MS Risk Blog

Public Outrage and Crime across Lebanon

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Lebanon is currently experiencing a multilayer crisis economically, politically, and socially, with a paralyzed government and institutions in disarray, which has intensified public frustration, effectively transforming the country into a fertile ground for criminal activity. Crime incidents have spiked considerably during the 2020-2021 period, as organized groups take advantage of this pervading insecurity across the nation and as some locals resort to crime in order to secure their basic needs. The failing economy has also resulted in a series of protests, which hit a record in March 2021, against a flawed political system that fails to meet its peoples’ needs, dragging them into excessive poverty instead. The political leadership, which is largely viewed as incompetent in coming up with a rescue plan, now finds itself under increasing pressure to prevent the country from total collapse.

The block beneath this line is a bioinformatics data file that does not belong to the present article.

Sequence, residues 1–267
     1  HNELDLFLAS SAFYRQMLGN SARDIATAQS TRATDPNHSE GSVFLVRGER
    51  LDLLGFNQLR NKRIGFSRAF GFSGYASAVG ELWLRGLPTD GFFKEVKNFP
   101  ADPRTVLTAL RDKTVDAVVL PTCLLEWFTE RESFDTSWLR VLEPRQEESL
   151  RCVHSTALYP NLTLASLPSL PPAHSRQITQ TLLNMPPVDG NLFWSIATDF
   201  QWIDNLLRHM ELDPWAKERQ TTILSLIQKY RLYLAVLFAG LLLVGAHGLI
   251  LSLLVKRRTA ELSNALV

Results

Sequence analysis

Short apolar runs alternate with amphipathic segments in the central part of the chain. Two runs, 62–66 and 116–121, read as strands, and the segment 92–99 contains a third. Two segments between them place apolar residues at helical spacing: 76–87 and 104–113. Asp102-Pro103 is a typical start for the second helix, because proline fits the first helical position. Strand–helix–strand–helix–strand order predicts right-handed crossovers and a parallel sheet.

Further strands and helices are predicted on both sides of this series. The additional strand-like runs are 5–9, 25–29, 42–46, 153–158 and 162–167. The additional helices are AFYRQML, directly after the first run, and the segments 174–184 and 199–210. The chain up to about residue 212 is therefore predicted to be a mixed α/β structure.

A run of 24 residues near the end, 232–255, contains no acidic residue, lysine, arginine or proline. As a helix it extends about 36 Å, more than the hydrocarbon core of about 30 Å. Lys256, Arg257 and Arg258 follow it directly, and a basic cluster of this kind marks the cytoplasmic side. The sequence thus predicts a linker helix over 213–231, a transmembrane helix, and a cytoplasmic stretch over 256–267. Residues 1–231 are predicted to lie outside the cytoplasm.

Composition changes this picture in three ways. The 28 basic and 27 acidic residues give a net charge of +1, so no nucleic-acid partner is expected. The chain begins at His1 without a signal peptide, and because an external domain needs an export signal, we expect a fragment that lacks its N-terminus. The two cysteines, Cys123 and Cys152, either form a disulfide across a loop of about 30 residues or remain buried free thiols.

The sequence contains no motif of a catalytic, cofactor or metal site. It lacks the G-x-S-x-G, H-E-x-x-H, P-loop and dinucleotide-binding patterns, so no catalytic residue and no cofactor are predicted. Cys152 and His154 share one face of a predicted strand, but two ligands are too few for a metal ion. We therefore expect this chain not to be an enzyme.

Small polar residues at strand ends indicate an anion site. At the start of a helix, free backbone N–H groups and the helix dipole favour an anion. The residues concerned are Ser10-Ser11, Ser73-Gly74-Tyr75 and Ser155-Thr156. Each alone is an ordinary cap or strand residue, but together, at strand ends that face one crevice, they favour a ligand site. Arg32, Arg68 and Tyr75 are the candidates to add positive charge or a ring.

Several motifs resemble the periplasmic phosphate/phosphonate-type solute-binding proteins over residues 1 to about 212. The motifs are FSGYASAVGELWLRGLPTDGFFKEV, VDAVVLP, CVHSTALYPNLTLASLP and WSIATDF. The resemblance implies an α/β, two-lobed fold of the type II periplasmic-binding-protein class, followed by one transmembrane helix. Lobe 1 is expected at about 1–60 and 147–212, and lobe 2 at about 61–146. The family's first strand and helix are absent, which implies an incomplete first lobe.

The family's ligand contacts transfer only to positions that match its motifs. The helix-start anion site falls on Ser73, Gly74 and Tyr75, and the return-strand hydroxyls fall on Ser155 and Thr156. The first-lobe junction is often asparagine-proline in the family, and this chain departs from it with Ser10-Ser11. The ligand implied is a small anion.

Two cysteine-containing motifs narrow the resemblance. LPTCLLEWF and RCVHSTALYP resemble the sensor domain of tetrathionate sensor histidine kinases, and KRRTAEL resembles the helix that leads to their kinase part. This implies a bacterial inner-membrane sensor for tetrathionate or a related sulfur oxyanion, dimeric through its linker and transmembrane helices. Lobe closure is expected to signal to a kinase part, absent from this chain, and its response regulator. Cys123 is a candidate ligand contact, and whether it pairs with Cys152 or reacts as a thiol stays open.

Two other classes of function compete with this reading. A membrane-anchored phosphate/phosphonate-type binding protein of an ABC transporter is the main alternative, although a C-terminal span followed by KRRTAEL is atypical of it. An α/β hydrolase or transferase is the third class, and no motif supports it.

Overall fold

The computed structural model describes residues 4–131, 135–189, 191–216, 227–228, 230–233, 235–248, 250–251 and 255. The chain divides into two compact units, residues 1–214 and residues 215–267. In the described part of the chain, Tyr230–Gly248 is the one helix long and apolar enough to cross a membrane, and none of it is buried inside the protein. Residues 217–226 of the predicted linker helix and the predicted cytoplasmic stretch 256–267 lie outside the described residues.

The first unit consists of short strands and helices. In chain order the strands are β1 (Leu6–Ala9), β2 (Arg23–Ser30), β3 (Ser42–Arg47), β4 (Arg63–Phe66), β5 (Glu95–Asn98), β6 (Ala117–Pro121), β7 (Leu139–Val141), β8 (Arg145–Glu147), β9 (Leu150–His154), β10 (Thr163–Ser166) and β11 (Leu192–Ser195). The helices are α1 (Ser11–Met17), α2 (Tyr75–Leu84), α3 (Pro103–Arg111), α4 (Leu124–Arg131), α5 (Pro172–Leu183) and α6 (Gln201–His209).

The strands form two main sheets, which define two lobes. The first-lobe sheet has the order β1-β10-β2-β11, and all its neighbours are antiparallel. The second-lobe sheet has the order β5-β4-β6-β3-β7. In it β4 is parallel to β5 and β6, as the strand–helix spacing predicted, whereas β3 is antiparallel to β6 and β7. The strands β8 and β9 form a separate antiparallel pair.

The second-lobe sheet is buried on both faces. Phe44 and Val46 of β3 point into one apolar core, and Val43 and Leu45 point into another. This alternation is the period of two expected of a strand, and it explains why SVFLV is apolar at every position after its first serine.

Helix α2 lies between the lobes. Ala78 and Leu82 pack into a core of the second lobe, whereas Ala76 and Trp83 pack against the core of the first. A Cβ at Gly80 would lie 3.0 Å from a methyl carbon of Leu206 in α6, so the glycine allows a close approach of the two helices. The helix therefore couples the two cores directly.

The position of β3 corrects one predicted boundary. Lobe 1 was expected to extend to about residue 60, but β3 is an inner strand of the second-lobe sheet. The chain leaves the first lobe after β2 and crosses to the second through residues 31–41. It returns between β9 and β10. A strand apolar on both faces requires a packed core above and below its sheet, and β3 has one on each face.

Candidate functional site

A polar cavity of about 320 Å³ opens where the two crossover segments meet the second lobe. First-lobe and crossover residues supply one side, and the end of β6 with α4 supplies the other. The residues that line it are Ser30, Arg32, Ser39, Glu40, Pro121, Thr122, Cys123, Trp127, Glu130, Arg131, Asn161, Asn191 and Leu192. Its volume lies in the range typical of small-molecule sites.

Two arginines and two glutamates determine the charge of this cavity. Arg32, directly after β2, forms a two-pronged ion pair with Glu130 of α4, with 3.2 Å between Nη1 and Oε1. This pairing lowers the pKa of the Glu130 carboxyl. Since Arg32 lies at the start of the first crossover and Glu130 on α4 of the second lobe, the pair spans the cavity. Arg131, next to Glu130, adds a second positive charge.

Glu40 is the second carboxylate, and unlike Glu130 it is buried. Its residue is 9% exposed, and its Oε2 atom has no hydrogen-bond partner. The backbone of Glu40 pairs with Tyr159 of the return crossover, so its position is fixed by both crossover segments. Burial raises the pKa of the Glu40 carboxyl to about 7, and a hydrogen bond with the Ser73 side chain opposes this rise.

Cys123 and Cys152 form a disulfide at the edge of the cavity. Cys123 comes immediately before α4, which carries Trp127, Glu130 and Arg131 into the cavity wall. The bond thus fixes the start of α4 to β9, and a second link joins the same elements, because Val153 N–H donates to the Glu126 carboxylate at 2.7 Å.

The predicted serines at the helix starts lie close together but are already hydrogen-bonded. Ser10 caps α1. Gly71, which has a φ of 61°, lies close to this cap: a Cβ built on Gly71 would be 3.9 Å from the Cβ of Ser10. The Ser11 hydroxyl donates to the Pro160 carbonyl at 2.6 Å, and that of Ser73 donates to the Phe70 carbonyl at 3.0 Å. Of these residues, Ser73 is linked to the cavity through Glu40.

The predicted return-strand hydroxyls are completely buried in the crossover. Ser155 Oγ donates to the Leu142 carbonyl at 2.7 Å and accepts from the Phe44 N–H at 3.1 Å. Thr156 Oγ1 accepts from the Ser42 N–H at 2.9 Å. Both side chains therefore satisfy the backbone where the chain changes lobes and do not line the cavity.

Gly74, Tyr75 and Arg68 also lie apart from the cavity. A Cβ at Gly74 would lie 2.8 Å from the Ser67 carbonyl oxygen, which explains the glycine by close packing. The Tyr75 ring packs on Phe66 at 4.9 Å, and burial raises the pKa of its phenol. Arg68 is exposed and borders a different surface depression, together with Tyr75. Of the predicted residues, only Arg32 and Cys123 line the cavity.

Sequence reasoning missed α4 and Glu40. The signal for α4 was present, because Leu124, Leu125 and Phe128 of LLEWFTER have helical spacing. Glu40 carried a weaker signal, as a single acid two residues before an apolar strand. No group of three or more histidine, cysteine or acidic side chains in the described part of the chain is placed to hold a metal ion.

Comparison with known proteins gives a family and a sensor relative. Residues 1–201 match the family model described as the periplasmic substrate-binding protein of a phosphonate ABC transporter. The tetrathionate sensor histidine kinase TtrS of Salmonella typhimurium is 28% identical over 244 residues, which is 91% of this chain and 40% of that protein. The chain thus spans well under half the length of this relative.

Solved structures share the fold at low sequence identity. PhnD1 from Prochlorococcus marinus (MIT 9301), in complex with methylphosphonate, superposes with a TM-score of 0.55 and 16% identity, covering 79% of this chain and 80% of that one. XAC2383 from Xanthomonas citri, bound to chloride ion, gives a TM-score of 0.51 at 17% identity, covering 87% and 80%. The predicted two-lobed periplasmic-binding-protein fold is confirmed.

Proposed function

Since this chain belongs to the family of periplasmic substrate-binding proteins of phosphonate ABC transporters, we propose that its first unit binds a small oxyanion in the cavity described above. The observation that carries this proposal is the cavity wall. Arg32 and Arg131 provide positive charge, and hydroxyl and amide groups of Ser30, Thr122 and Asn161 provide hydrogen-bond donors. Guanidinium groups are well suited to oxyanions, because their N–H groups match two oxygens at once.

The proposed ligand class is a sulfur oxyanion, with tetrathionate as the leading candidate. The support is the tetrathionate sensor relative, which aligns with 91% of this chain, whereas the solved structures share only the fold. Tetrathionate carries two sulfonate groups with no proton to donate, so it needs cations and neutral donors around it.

Political instability and security concerns in Lebanon have been a reality for many decades now, but mass anti-government demonstrations have been taking place periodically, since October 17, 2019, when the government announced a slew of new taxes, which further worsened economic stability. Eighteen months later, the economic conditions in the country are only deteriorating, affecting the citizens who cannot afford goods and services. Currently, some basic commodities, such as fuel, medicines and food are subsidised but the Central Bank has repeatedly warned that supplies may become increasingly scarce in the short-run. Along with the deteriorating economy, the value of the Lebanese Pound has recently fallen rapidly against the US Dollar. On 2nd of March, the Lebanese currency hit a record low, reaching about 10,000 pounds against the dollar on the black market, leading to a sharp increase in prices. This is better illustrated by the fact that according to the World Food Program, since May 2020 the price of subsidised bread has risen by 91.5%, while the price of a basket of key survival items such as rice, pasta and cooking oil has almost tripled since October 2019. The latest drop was logged two weeks later, with the currency trading in the black market at 15,000 Lebanese pounds to the U.S dollar, which demonstrates a devaluation of national currency of more than 20% within two weeks. Overall, the national currency has lost around 90% of its value against the U.S dollar, while inflation has driven some 55% of the population below the poverty line, the country has defaulted on its debts, and banks have locked most depositors out of their savings. A recent report by the U.N. Food and Agriculture Organization’s Hunger Hotspots, clearly stated that a background of food price increases and the lack of economic growth and rising unemployment, civil unrest and violent clashes are likely to become more frequent. In addition to that, the free-fall of the Lebanese currency has led to delays in the arrival of fuel shipments, leading to more extended power cuts around the country, in some areas reaching more than 12 hours a day.